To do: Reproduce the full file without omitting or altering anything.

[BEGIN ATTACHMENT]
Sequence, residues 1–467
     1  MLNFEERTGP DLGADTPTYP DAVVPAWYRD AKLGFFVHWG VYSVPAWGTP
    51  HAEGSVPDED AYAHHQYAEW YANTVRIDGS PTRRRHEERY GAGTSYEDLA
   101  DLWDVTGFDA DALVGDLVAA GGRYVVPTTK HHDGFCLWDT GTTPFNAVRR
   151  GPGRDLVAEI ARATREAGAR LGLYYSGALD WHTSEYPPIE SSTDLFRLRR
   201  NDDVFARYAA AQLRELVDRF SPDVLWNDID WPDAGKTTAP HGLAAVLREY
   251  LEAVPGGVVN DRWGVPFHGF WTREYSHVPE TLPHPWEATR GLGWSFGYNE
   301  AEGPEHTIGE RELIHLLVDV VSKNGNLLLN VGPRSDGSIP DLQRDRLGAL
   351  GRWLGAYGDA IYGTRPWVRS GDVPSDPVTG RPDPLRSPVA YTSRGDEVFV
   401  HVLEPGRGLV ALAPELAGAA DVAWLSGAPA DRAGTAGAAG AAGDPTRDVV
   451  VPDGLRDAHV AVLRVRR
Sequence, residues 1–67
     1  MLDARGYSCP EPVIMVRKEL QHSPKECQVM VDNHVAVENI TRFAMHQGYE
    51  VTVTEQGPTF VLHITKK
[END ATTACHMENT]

Sequence, residues 1–467
     1  MLNFEERTGP DLGADTPTYP DAVVPAWYRD AKLGFFVHWG VYSVPAWGTP
    51  HAEGSVPDED AYAHHQYAEW YANTVRIDGS PTRRRHEERY GAGTSYEDLA
   101  DLWDVTGFDA DALVGDLVAA GGRYVVPTTK HHDGFCLWDT GTTPFNAVRR
   151  GPGRDLVAEI ARATREAGAR LGLYYSGALD WHTSEYPPIE SSTDLFRLRR
   201  NDDVFARYAA AQLRELVDRF SPDVLWNDID WPDAGKTTAP HGLAAVLREY
   251  LEAVPGGVVN DRWGVPFHGF WTREYSHVPE TLPHPWEATR GLGWSFGYNE
   301  AEGPEHTIGE RELIHLLVDV VSKNGNLLLN VGPRSDGSIP DLQRDRLGAL
   351  GRWLGAYGDA IYGTRPWVRS GDVPSDPVTG RPDPLRSPVA YTSRGDEVFV
   401  HVLEPGRGLV ALAPELAGAA DVAWLSGAPA DRAGTAGAAG AAGDPTRDVV
   451  VPDGLRDAHV AVLRVRR
Sequence, residues 1–67
     1  MLDARGYSCP EPVIMVRKEL QHSPKECQVM VDNHVAVENI TRFAMHQGYE
    51  VTVTEQGPTF VLHITKK